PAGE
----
Breaking 2-month hiatus, PEIA Task Force discusses costs

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By: Phil Kabler, WV Gazette-Mail

Meeting for the first time since August, members of Gov. Jim Justice’s PEIA Task Force on Monday discussed issues with costs for out-of-state providers and with rising prescription drug costs.

Afterward, Mike Hall, the Task Force chairman and Justice’s chief of staff, blamed the long hiatus on scheduling conflicts of committee members.

“It’s difficult to get this group of people together on the same day,” Hall said of the 10-member subcommittee, which last met on Aug. 24. “There’s been an attempt for a while to do so.”


The Task Force’s Cost and Revenue Subcommittee last met on Aug. 23, and had no scheduled meetings as of Monday. A third Task Force subcommittee, on public outreach, completed its work on Aug. 16, submitting a 22-page report summarizing comments from 21 public hearings statewide and the results of more than 3,000 surveys.

Nonetheless, Hall said Monday that the Task Force, created by executive order at the height of the statewide teacher strike, is on pace to meet a Dec. 11 deadline to submit final recommendations to the Legislature.

“The intention is to have full committee recommendations done by sometime in November,” he said.

On Monday, subcommittee members discussed two key concerns raised during the public hearings: costs for insurees living in border counties to go to out-of-state providers and soaring prescription drug costs.

Like many health insurance plans, PEIA charges higher co-pays and deductibles for using out-of-network health care providers. In border counties, the closest doctors and hospitals might be across state lines and out-of-network.

PEIA Executive Director Ted Cheatham told subcommittee members that it would cost the plan $10 million to $12 million a year to charge in-network rates for providers in counties bordering West Virginia.

He cited an example of an MRI scan, which in-state hospitals have contracted with PEIA to provide for $1,000. He said PEIA has contracts with some out-of-state hospitals to charge $2,000 for the scan, while that same MRI at UPMC in Pittsburgh, or Winchester Medical Center in Virginia, might run as much as $3,000.

PEIA insurees who use the out-of-state providers have to pay the difference out of their pockets, he said.

“We want people to stay in-state. We want them to use West Virginia facilities,” Cheatham said. “Do they have to drive an extra 20 minutes? Potentially, yes. Is it worth $1,000 to the plan, and to them? That’s up to them.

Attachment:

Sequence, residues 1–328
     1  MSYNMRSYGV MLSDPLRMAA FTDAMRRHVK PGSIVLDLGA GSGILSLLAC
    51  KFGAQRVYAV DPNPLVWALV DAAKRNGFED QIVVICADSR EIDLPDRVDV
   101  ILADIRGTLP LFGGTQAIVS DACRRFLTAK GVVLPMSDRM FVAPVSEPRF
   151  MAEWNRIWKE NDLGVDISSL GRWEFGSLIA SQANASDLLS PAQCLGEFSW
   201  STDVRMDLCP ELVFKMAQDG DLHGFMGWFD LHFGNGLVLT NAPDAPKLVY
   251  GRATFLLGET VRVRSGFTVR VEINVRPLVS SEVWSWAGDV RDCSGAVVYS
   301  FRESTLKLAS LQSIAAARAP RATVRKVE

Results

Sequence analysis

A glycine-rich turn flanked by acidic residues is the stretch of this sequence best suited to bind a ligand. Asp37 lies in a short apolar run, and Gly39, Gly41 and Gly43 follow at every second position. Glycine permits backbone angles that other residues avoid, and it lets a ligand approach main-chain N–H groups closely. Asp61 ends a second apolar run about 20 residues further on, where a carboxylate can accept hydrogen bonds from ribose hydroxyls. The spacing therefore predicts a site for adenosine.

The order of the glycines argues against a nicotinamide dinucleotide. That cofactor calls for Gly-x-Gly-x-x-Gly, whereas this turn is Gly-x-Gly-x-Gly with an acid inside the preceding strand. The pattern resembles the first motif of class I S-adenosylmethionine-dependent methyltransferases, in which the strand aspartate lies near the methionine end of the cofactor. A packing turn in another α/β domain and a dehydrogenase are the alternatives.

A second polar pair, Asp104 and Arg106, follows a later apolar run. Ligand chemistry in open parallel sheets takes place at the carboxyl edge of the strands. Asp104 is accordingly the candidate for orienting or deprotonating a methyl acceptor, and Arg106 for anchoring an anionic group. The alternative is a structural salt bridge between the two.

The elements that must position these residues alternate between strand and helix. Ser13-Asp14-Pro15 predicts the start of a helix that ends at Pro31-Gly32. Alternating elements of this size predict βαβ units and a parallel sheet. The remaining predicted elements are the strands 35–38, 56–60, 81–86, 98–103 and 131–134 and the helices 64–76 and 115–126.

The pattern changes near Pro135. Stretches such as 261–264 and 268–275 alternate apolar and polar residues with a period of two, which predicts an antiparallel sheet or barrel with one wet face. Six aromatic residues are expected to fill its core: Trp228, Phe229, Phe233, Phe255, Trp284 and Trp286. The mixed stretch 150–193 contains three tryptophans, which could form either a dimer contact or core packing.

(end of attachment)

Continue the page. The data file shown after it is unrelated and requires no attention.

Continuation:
“They drive into the state every day to go to work. Why can’t they drive into the state for health care?” he asked.

He said the border counties issue is particularly sensitive in the Eastern Panhandle, where Winchester Medical Center offers services not available locally.

On Monday, the subcommittee adopted its first recommendation for the final report, calling for PEIA to negotiate in-state rates for doctors who have offices in West Virginia and in out-of-state border counties.

Meanwhile, Cheatham said, prescription drug costs have increased from 5 percent to 6 percent of PEIA’s total annual expenditures 10 years ago to about 30 percent today.

He said the biggest complaint about prescription drugs is with tier-3 drugs, which are higher-priced brand-name medications, as opposed to lower-cost generics or preferred-brand (tier-2) drugs.

Cheatham said those drugs can cost several hundred dollars per refill, with a 75 percent copay and a $1,750 annual out-of-pocket maximum.

Other than working with their doctors to find lower-cost alternatives, he said the best advice for insurees taking tier-3 drugs is to budget $1,750 a year for their cost.

“That’s the only answer I have, as the fiduciary of the plan,” Cheatham said.

He noted that Medicare provides an appeals process for insurees to request lower rates for tier-3 drugs, if deemed medically necessary, and said about 30 percent of the appeals are approved. If PEIA adopted a similar appeals process, it would add to overall program costs, he said.

“The obvious reality is, the cost of prescription drugs is crazy,” said Task Force member Amy Loring, human resources coordinator for Berkeley County Schools.

Rob Alsop, a West Virginia University vice president and chairman of the subcommittee, said the group will meet again within two weeks, but did not set a date.

“We’ve got an election in eight days,” he said, “so next Monday probably wouldn’t be the best day.”

PEIA provides health insurance for about 230,000 West Virginians, covering state employees, teachers, school service personnel and certain county, municipal and nonprofit agency employees.